“The swan, like the soul of the poet, by the dull world is ill understood.”

“The swan, like the soul of the poet, by the dull world is ill understood.” — Heinrich Heine


“There’s a double beauty whenever a swan swims on a lake with her double thereon.” — Thomas Hood

“The stately-sailing swan,

Gives out his snowy plumage to the gale;

And arching proud his neck, with oary feet

Bears forward fierce, and guards his osier isle,

Protective of his young.” – James Thomson, The Seasons, Spring

The Wild Swans at Coole

The trees are in their autumn beauty,

The woodland paths are dry,

Under the October twilight the water

Mirrors a still sky;

Upon the brimming water among the stones

Are nine-and-fifty swans.

Adult swan with two cygnets

The nineteenth autumn has come upon me

Since I first made my count;

I saw, before I had well finished,

All suddenly mount

And scatter wheeling in great broken rings

Upon their clamorous wings.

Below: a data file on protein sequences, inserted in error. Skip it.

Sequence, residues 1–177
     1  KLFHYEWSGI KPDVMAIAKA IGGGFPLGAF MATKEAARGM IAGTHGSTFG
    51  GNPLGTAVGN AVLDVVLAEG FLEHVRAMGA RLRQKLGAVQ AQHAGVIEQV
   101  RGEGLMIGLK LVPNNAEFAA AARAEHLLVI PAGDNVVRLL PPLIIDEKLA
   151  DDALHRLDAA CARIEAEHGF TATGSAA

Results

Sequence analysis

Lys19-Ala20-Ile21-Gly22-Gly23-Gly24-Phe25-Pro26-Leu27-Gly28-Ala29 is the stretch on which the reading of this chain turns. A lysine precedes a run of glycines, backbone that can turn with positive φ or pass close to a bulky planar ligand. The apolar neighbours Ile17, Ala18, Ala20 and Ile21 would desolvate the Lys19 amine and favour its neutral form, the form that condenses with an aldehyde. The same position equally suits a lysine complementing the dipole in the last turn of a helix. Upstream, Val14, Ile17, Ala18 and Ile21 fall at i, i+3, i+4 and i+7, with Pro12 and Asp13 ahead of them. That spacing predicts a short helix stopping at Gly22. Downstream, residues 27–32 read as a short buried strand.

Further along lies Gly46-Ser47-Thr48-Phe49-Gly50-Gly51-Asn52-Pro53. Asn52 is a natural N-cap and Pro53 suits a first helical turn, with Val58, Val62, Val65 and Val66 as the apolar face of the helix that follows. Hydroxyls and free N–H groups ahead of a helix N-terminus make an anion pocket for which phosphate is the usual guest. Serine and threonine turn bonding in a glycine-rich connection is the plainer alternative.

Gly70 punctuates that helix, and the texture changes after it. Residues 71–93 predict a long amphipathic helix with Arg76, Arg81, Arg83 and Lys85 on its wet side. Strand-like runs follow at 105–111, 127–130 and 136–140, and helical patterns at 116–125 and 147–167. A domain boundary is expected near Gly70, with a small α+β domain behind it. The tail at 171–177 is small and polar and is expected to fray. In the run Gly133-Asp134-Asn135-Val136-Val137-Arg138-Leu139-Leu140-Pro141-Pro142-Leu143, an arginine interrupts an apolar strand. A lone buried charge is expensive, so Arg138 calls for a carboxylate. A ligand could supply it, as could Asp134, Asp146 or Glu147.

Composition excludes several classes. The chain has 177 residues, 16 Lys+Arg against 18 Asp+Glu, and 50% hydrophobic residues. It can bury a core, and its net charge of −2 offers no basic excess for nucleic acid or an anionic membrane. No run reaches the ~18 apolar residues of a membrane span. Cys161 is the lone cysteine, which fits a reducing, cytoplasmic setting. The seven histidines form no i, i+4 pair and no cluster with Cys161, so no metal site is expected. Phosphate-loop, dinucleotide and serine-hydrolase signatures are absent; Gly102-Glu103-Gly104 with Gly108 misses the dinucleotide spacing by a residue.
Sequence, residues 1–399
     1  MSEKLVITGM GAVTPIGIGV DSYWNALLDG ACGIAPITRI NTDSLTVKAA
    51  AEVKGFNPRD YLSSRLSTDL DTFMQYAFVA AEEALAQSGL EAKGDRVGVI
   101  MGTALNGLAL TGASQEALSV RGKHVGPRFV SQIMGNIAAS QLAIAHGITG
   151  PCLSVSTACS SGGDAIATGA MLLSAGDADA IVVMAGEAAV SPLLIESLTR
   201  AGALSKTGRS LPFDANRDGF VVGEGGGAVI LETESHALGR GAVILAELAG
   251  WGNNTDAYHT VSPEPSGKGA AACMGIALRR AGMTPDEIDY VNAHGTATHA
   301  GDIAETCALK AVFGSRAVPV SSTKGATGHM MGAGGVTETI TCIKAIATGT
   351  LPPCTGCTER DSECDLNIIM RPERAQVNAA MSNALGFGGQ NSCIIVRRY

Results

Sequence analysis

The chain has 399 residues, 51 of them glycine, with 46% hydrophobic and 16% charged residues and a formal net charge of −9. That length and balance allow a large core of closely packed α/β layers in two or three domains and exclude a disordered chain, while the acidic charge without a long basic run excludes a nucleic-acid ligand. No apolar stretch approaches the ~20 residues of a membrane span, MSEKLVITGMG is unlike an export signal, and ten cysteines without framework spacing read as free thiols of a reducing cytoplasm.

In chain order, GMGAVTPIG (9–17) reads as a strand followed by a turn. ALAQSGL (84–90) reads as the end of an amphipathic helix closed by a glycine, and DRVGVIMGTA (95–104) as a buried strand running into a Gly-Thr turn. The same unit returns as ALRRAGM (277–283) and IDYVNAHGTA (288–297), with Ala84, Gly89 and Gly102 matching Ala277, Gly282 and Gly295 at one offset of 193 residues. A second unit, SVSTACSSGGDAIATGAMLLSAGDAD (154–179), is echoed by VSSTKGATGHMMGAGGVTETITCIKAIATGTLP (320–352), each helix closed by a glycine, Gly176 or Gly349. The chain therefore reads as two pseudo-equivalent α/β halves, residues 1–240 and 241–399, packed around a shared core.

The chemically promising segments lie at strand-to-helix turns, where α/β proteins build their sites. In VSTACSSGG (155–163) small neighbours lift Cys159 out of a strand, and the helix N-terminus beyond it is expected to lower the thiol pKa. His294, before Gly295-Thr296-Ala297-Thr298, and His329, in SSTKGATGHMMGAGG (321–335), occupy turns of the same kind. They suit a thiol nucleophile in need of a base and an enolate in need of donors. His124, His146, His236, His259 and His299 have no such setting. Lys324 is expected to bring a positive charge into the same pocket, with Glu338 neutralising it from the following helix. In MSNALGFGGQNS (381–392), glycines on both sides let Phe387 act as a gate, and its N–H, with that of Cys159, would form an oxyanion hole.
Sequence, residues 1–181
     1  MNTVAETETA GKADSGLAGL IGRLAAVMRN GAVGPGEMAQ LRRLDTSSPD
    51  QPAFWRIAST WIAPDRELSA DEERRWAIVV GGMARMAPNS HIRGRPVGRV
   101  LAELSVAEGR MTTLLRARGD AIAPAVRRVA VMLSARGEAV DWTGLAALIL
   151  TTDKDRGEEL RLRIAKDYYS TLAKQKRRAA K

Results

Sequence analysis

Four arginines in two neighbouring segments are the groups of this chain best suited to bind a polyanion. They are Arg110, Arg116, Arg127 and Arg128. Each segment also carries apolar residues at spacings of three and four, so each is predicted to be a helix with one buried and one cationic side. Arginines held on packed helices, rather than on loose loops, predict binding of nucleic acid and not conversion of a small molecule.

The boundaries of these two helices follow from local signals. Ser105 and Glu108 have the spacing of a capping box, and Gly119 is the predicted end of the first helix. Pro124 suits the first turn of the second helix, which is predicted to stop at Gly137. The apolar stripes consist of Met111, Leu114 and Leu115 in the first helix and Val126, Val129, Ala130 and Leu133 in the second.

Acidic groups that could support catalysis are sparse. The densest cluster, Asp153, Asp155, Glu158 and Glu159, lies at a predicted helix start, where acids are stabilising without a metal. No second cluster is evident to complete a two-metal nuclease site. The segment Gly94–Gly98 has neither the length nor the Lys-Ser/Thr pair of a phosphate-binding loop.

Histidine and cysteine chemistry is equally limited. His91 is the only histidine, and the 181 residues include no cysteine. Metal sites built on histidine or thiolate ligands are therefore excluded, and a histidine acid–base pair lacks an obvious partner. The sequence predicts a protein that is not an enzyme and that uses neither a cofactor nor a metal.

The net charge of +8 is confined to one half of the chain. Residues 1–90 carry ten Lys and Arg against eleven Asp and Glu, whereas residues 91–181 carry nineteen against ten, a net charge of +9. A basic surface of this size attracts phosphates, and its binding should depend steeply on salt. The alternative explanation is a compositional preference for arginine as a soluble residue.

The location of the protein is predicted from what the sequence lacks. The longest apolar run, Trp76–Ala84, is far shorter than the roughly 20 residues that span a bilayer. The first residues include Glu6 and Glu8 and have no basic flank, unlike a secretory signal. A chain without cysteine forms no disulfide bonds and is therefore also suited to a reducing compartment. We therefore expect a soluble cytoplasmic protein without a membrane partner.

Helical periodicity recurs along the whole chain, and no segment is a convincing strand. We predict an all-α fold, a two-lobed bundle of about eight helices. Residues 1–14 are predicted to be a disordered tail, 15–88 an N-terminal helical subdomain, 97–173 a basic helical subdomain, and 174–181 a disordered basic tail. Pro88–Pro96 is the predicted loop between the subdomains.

I have looked upon those brilliant creatures,

And now my heart is sore.

All’s changed since I, hearing at twilight,

The first time on this shore,

The bell-beat of their wings above my head,

Trod with a lighter tread.

Unwearied still, lover by lover,

They paddle in the cold

Companionable streams or climb the air;

Their hearts have not grown old;

Passion or conquest, wander where they will,

Attend upon them still.


But now they drift on the still water,

Mysterious, beautiful;

Among what rushes will they build,

By what lake’s edge or pool

Delight men’s eyes when I awake some day

To find they have flown away? — William Butler Yeats


All photos by Donna Hailson.